What about pimps, brothel owners or human traffickers who get to rebrand themselves as businessmen if prostitution is legal? How would you feel about these “business owners” as part of your local Neighbourhood Business Association?
Would laws need to be implemented so any business rooted in the sex industry is not close to schools, daycares, community centers and other similar community spaces? All businesses advertise, so would parameters be put on sex industry advertising? I’m sure ads would try to match the feel of other advertising but let’s remember those ads are selling women, as the goods. Ads for clothing, perfume, cars, and all those sorts of inanimate objects are annoying but fine – but not the selling of living breathing people.
If prostitution is legalized, that means we agree to have it with us. Who do we think will predominantly fill those brothel beds? Those with options and support? Or perhaps others who are vulnerable without as many supports or as many options.
“As Canadians we need to interfere with this antiquated misogynistic thinking that prioritizes men’s sexual demands over women and girls’ safety. We need to work on creating safer communities and a safer country by saying no to paid sex.”
I think we should be investing in our social safety net so that the sex industry doesn’t become our legislated defacto safety net. We do not owe men a place to ejaculate but we do owe women a safe country that helps take care of our women in hard times.
As a country, how will we deal with the increase in sex tourists to Canada? When Germany legalized prostitution it became a ‘sex paradise’ for foreigners – thanks to the 2002 reform which permitted conditions that their neighbouring countries were amazed at: large brothels with low fees and flat rates, and ‘wellness’ brothels”. As Schwarzer stated, “Foreigners travel from as far as Scandinavia and France by the busload.” Her comments come amid a debate about Germany’s prostitution laws you can read here https://www.dnaindia.com/lifestyle/report-germany-a-sex-tourism-hots pot-1919870
This article – and many more can be found – although a bit dated, reveals the fundamental truths of prostitution that have not changed: “Germany has more prostitutes per capita than any other country on the continent, more even than Thailand: 400,000 at the last count, serving 1.2 million men every day. Those figures were released a decade ago, soon after Germany made buying sex, selling sex, pimping and brothel-keeping legal in 2002. Two years later, prostitution in Germany was thought to be worth 6 billion euros – roughly the same as Porsche or Adidas that year. It’s now estimated to be 15 billion euros.” Do you think any of the women being prostituted in those brothels were the ones making millions?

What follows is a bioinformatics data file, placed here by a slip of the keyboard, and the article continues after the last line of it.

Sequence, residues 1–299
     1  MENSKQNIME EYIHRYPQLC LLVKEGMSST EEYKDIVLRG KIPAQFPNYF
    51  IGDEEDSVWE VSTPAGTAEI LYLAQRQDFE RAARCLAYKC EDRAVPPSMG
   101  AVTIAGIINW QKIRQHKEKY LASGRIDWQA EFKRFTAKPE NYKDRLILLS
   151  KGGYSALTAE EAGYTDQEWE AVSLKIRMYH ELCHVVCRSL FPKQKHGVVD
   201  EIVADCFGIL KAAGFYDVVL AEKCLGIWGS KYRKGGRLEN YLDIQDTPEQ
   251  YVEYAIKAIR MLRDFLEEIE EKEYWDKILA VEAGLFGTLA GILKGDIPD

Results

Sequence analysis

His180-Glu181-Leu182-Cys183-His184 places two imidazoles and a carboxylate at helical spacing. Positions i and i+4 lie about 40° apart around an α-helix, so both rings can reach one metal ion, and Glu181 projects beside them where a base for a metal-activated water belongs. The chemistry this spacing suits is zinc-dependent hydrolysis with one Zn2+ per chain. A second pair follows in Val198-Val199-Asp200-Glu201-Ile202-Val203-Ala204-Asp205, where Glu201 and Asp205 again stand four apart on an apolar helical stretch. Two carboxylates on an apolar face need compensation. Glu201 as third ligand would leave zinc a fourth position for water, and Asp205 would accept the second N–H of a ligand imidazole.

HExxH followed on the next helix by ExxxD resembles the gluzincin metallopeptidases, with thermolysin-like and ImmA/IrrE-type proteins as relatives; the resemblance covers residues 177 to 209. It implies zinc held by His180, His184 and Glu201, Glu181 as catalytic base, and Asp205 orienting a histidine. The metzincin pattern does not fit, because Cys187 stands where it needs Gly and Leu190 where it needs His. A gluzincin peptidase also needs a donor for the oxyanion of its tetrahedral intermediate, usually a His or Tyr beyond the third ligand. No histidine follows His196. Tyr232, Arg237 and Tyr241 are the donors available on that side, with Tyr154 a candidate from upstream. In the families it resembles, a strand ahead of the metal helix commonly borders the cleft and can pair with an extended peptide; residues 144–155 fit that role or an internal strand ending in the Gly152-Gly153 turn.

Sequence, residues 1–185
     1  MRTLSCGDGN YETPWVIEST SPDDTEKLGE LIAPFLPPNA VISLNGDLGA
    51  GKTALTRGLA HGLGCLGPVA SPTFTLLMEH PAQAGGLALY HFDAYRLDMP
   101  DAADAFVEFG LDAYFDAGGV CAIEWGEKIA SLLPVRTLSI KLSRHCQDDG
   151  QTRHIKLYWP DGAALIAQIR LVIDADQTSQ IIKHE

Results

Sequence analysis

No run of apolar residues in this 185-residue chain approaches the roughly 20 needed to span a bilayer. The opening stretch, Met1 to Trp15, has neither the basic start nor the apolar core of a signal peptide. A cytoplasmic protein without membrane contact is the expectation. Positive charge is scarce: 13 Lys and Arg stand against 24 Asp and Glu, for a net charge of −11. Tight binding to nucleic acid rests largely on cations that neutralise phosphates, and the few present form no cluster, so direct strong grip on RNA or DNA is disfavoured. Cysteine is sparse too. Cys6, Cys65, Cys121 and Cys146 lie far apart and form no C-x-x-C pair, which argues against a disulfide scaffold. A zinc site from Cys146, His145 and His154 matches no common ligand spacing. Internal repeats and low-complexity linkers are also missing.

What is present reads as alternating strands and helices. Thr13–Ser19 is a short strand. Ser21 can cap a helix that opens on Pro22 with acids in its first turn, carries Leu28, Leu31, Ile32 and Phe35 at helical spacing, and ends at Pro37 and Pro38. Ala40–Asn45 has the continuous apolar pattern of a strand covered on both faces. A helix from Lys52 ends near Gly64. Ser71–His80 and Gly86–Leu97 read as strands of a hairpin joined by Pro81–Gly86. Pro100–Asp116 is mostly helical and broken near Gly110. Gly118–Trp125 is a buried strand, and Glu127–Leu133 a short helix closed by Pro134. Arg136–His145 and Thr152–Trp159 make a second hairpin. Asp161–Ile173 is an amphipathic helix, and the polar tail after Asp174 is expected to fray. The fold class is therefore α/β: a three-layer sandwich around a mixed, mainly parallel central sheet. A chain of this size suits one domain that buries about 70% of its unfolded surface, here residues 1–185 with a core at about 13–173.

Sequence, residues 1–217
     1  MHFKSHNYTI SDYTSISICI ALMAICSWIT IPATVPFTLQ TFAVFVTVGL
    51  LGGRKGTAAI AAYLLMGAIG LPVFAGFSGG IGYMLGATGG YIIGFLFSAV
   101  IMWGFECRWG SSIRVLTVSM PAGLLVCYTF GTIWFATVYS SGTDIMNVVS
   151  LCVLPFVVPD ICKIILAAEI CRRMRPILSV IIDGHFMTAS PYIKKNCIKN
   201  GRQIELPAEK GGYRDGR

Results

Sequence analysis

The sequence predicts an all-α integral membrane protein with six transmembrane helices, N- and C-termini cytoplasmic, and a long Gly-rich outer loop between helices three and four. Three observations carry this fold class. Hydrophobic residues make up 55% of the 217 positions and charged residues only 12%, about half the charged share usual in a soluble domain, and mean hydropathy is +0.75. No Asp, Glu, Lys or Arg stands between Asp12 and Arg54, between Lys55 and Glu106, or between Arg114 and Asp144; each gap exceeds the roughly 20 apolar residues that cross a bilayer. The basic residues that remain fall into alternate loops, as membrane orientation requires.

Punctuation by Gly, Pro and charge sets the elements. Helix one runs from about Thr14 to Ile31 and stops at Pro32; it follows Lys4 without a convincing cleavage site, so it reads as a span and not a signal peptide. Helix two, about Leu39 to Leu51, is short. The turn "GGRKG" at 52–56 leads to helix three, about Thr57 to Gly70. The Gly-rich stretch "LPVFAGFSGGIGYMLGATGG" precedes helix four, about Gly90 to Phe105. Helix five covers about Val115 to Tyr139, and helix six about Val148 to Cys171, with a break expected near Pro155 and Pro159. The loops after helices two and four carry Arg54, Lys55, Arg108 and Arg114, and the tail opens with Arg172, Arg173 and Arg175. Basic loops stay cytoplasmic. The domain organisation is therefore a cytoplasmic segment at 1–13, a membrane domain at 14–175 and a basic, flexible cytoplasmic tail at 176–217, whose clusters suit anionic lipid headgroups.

Do we want this for Canada?
Women, if men are emboldened and paying for sex is considered in no way a crime, how would you feel if men approached you asking your price for sexual favours? In certain neighbourhoods right now, this already happens all the time.
As Canadians we need to interfere with this antiquated misogynistic thinking that prioritizes men’s sexual demands over women and girls’ safety. We need to work on creating safer communities and a safer country by saying no to paid sex. PCEPA is a great start to that change but the work does not end there – we must address the peripheral issues along with it.
Two last thoughts: human trafficking – forcing women and youth through coercion, violence, addiction, and other measures into the sex industry – is something all women should be on the watch for, but especially young women and girls as social media is teeming with predatory men who want to force those young women and girls into the sex industry.
Human trafficking – AKA sex trafficking – would not exist without the sex industry, there is no way to discuss one and not the other. If men did not buy sex, if men did not demand sex from young women and girls, if men did not create a demand, then sex trafficking would not happen. We do not see trafficking for nurses, teachers, professors or police to name a few professions. Sex trafficking is for the sex industry alone. Let’s end this form of trafficking! Hard and requiring commitment, yes, but not impossible.
This is a hard topic. No one wants anyone to be unsafe, and no one needs to be unsafe. Personal safety and ending oppression are not mutually exclusive but this is a topic that will affect us all and I would hate for us to be 2 years into full decriminalization legislation realizing what an awful nightmare it turned out to be. We need to pay attention to this issue now. Please have conversations with your MP’s, friends, and family members, and most importantly look at the men in your life and ask them if they buy sex and share with them what their actions are contributing to. I hope you will do more self-education by looking at the links on this topic at the end of this blog.
Trisha Baptie is one of many trying to reframe the questions, assumptions, and analysis surrounding the world’s oldest oppression, of women, girls and some boys, prostitution. She believes we must shift the focus, conversation and responsibility off the women and look at who is not being discussed the men purchasing sex and all the periphreal players as well.
After 15 years of being prostituted that started when she was 13 years of age she was able to exit. She has become a respected and sought after educator, presenter, writer and organizer known on local, national and international levels. Trisha sits on the first ever International Survivors of Trafficking Advisory Council (ISTAC) and is well versed in all the systemic and intersecting issues affiliated with the sex trade.